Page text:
Citizen Science Bootcamp Recap
On Saturday, June 5, 30 participants, 5 guest speakers and the AWN team convened over Zoom for our very first Citizen Science Bootcamp! An intensive, all-day course designed to help any Nova Scotian get a head start on monitoring their local waterway, the Bootcamp attracted a very diverse group of participants. From seasoned representatives of fishing organizations to students curious about water monitoring, many different voices were represented at the event, which led to lively group participation and communication across professions and generations!
A Crash Course in Water Monitoring
The jam-packed day started with a group discussion, where each participant shared which body of water was the most meaningful to them, and what they believe should be done to protect it. After that, during the first half of the Bootcamp, our guest speakers provided some context on water quality monitoring and showcased exciting tools available to citizen scientists both in Nova Scotia and beyond! The first speakers were Shanna Fredericks from Coastal Action and John McNeil from the Fox Point Lake Water Quality Monitoring Program delivering an in-depth presentation about a robust water monitoring program that stands as an example for other citizen scientists!
The above photos were submitted by participants, showing bodies of water that they wanted to protect.
The next presentation was an overview of watershed basics, general water science, and monitoring techniques, presented by our own Aislin Livingstone and Laura Chandler. Laura covered safety, equipment, and monitoring protocols, and even played a couple rounds of the new hit game show The Parameter Is Right! After that, Laura Gilbert from Water Rangers walked our participants through the contents of their compact water testkits, several of which are going to be added to our Halifax Equipment Bank for long-term loans!
Patrick LeClair from The Gordon Foundation spoke next, introducing participants to Atlantic DataStream and discussing key considerations for sharing and managing data. “There is no point collecting data if it can’t be shared/used,” remarked a participant, and we definitely agree! Uploading data to Atlantic DataStream makes it accessible to other organizations and the public, and Patrick’s presentation was a handy introduction to the world of data sharing in Atlantic Canada.
Monitoring Program Design Challenge
Next was the interactive component of the day, or as one participant referred to it, “the heart of the workshop”. During this activity about water monitoring program design, our participants split up into facilitated breakout rooms to design monitoring programs from scratch! Using hypothetical watershed scenarios, they had to make collective decisions about where, when, what, why and how to monitor, safety considerations, data collection standards, and many other factors. Our participants enjoyed the hands-on and practical nature of the activity!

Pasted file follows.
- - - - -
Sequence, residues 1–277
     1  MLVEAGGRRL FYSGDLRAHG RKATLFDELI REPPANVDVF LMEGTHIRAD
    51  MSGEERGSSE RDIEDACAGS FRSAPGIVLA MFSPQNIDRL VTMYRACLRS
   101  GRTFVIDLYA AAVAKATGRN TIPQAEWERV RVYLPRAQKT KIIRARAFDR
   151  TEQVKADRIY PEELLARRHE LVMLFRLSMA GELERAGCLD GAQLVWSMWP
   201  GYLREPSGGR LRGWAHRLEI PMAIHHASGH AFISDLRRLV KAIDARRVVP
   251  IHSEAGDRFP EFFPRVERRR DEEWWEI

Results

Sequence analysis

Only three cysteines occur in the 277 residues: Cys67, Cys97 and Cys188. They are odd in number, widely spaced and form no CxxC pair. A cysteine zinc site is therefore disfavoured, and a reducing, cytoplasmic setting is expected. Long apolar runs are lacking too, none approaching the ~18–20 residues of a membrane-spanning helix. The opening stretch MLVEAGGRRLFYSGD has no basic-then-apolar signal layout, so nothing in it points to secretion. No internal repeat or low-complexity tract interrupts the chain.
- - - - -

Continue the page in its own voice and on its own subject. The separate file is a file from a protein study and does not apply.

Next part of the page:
Our last guest speaker was Sade Stacey, who introduced our participants to social media tips and tricks for effective science communication. Their presentation included specific information for leveraging each major social media platform, as well as advice on making language accessible using photo and video assets. One participant referred to Sade’s presentation as “one of the best presentations on digital communication that [they] have experienced.” We’re inclined to agree!
[Sade’s communications presentation] was “one of the best presentations on digital communication that I have experienced.” – a participant
As the day came to a close, the conversation shifted from starting a water monitoring project to keeping one going into the future. Our team discussed how to make a project last, such as setting realistic goals and preventing burnout. It was clear that our audience left the bootcamp optimistic, energized, and ready to get out there and start doing citizen science – and through programs like AWN’s WET-Pro online certification course and our Halifax Equipment Bank, we’re ready to support them!
So what’s next?
Over the coming months the AWN team will work one-on-one with our first cohort of citizen scientists to set out individual next steps. This includes matchmaking with existing environmental stewardship groups and community-based monitoring programs nearby or helping to design a water monitoring plan tailored to their local watersheds. AWN staff also aim to provide opportunities for citizen scientists to get their feet wet through valuable in-field equipment training (COVID-19 restrictions pending).
This Citizen Science Bootcamp was just the start of our participants’ new adventure in water quality monitoring. We can’t wait to see what’s next for this passionate group of water stewards!
Atlantic Water Network wants to thank all of the amazing participants, guest speakers and volunteer facilitators for making this first Citizen Science Bootcamp such a success. We are also grateful to TD Friends of the Environment Foundation for supporting this work through their generous financial contribution.
By Eleanor Friddell